A VPN for me but not you: a surprise when tethering to my phone

April 14, 2019

My phone supports VPNs, of course, and I have it set up to talk to our work VPN. This is convenient for reasons beyond mere privacy when I'm using it over networks I don't entirely trust; there are various systems at work that can only be reached from 'inside' machines (including the VPN server), or which are easier to use that way.

My phone also supports tethering other devices to it to give them Internet access through the phone's connection (whatever that is at the time). This is built in to iOS as a standard function, not supplied through a provider addition or feature (as far as I know Apple doesn't allow cellular providers any control over whether iOS allows tethering to be used), and is something that I wind up using periodically.

As I found out the first time I tried to do both at once, my phone has what I consider an oddity: only the phone's traffic uses the (phone) VPN, not the traffic from any tethered devices. The VPN is for the phone only, not for any attached devices; they're on their own, which is sometimes inconvenient for me. It would be a fair bit easier if any random machine I tethered to the phone could take advantage of the phone's VPN and didn't have to set up a VPN configuration itself.

(In fact we've had problems on our VPN servers in the past when there were multiple VPN connections from the same public IP, which is what I'd get if I had both the phone and a tethered machine using the VPN at the same time. I think those aren't there any more, although I'm not sure.)

As far as I know, there is no technical requirement that forces this; in general you certainly could route NAT'd tethered traffic through the VPN connection too. If anything, my phone may have to go out of its way to route locally originated traffic in one way and tethered traffic in another way (although this depends on how NAT and VPNs interact in the iOS kernel). Doing things this way seems likely to be mostly or entirely a policy decision, especially by now (after so many years of iOS development, and a succession of people asking about this on the Internet, and so on).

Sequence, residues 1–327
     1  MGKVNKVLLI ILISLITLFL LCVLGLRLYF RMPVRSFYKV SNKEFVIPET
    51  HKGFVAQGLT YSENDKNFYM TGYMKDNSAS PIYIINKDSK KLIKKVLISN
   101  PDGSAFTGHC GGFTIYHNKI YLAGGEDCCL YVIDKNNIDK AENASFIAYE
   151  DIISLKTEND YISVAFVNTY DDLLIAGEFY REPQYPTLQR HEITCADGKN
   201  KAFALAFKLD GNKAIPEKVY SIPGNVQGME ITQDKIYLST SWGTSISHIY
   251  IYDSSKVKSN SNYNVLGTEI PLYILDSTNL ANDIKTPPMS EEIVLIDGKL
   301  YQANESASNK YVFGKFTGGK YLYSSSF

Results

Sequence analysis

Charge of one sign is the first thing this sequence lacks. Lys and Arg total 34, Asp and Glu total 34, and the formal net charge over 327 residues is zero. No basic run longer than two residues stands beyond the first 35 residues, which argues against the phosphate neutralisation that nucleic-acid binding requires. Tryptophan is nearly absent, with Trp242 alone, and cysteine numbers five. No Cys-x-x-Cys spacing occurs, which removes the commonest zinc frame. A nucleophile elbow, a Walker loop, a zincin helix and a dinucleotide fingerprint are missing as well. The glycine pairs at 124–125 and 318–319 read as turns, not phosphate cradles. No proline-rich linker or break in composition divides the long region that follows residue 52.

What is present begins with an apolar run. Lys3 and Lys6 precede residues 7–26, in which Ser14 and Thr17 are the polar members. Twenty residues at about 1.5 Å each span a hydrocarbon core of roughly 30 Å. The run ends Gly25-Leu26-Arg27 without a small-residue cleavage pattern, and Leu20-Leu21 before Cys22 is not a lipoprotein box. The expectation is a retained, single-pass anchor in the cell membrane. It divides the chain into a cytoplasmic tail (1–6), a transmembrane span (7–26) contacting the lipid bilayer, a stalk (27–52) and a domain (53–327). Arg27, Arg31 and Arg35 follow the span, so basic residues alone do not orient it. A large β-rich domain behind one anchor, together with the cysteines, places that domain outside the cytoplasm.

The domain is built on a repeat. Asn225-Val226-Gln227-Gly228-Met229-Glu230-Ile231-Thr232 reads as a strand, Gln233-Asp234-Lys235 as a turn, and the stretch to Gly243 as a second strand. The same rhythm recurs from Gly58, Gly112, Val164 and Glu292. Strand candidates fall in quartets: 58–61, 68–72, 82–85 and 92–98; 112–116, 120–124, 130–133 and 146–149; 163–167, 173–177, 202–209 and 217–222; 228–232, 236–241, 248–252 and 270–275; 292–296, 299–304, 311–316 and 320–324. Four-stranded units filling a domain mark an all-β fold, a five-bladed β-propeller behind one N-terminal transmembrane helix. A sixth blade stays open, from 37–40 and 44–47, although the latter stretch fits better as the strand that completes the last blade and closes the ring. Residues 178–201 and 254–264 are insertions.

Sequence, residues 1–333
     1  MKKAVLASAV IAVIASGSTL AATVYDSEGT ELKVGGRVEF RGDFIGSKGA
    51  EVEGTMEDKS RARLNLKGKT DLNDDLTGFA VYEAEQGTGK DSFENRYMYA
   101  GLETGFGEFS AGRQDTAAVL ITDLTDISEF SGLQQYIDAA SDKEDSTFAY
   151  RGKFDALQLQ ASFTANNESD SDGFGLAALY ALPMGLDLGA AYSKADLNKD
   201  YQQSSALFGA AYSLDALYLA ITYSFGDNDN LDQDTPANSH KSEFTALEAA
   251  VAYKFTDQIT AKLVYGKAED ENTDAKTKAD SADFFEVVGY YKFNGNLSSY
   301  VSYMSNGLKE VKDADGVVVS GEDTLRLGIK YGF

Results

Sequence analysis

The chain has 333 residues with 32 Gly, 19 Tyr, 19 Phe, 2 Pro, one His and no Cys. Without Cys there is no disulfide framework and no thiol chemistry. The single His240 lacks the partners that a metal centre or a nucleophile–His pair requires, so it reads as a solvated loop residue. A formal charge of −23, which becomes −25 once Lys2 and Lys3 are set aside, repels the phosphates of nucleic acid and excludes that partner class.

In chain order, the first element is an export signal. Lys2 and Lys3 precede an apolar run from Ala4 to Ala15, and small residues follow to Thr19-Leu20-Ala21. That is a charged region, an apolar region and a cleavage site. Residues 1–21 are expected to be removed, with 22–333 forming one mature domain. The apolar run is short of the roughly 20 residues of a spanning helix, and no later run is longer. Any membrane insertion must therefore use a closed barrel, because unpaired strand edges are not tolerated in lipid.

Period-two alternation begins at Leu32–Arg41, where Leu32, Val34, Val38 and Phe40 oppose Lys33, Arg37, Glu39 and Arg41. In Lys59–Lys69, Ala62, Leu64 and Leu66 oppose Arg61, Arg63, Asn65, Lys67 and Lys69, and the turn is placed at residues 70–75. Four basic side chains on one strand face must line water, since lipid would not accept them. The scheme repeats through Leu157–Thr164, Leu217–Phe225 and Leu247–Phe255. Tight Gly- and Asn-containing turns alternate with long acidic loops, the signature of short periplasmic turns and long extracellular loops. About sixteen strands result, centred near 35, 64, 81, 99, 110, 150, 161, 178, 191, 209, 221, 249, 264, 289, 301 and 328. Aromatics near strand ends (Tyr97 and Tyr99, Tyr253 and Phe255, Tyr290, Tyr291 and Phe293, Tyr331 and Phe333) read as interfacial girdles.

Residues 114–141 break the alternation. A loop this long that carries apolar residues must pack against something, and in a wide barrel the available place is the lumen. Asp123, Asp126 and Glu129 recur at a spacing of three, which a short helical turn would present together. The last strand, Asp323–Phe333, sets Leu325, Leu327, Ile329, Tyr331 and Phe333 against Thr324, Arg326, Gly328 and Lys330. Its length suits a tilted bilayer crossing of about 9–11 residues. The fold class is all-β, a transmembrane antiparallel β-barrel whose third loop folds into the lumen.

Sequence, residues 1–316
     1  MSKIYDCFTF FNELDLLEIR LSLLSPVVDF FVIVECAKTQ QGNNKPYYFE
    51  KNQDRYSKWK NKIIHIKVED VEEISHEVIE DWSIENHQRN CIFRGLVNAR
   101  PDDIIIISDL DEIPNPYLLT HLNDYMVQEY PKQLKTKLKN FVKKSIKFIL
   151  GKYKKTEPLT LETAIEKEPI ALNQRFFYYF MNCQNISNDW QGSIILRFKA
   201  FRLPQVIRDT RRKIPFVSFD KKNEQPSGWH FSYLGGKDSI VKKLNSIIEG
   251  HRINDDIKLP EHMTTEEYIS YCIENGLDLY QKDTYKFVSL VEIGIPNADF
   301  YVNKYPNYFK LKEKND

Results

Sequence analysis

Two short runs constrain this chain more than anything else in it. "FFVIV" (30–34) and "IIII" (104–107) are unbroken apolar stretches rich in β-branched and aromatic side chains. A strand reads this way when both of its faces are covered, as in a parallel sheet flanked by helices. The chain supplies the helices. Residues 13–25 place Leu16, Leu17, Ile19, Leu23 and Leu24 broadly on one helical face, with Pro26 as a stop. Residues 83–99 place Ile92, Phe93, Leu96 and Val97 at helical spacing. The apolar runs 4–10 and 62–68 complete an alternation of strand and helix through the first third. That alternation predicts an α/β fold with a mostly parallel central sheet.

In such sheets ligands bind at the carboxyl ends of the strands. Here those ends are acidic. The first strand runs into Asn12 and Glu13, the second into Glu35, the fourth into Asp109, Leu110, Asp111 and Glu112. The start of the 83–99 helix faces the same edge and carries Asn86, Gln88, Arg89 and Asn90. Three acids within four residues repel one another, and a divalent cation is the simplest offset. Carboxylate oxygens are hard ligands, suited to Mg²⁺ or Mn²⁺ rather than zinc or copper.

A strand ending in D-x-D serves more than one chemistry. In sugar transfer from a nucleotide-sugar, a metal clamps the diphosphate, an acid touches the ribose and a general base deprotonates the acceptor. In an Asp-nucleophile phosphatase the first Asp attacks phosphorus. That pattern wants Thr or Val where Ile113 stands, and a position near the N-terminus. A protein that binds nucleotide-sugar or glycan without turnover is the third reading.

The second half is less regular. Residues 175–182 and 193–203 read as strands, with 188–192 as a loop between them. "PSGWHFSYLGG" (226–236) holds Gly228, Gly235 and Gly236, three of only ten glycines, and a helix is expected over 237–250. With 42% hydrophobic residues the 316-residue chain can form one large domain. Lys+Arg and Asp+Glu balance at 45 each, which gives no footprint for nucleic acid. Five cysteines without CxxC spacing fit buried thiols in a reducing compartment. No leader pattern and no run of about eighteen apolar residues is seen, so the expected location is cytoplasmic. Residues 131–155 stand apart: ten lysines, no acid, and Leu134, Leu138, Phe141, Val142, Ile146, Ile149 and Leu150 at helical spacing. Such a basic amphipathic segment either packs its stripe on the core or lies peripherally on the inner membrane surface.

(I don't currently have a position on whether it's a good or a bad policy decision, although I think it is a bit surprising. I certainly expected tethered traffic to be handled just the same way as local traffic from the phone itself.)

Comments on this page:

By mtk@acm.org at 2019-04-14 22:29:27:

been a while since i tried but i believe my android phone w/nordvpn does the right thing.

I'll go ahead and assert that this is probably a bad policy decision, since it seems to violate the principle of least astonishment. I think that "I certainly expected tethered traffic to be handled just the same way as local traffic from the phone itself." is a pretty reasonable expectation and unless there's some very good reason I'm not aware of, they shouldn't have gone against that.

(Full disclosure: I work for Google, but not on Android. This comment is solely my own opinion; I don't even know whether Android does the "right" thing according to me.)

It can be controlled by the carrier on iOS these days. I'm on Straight Talk (wal-mart branded tracfone) in the US, and I can get a dialog box pointing me to the tracfone website to set it up. IIRC, there wasn't any option when I got the service a couple years back; it just said "not supported by your carrier."

(I'm not going to dig any deeper today. I assume it's so they can charge me extra for literally no work on their part, since they're "low cost.")

By Tom at 2019-04-16 15:14:13:

It is maybe a bad policy decision if you only ever tether your own devices. It is probably common enough to let other people use your tether, in which case they should not have access to the VPN, that the default seems reasonable.

There are also implications here for managed phones (i.e., those that are owned and managed by a company or other organization and over which they have the same control as any other company computers). It's probably a given that most companies are going to demand at least the option to disable routing of traffic from outside the phone via the VPN, so the real question here is whether Apple wants to go to the trouble of providing the other option as well.

There seem to be a few places where Apple has cut useful features, possibly in the interest of ease of use for the less sophisticated. For example, on my Android phone I leave Bluetooth network tethering permanently on because it uses basically no power. This is quite convenient; I pull out my tablet or laptop and it's connected. But on an iPhone you need always to manually turn tethering on and off to save power because there's only one switch for it that switches both power-light Bluetooth and power-hungry WiFi tethering together.

Written on 14 April 2019.
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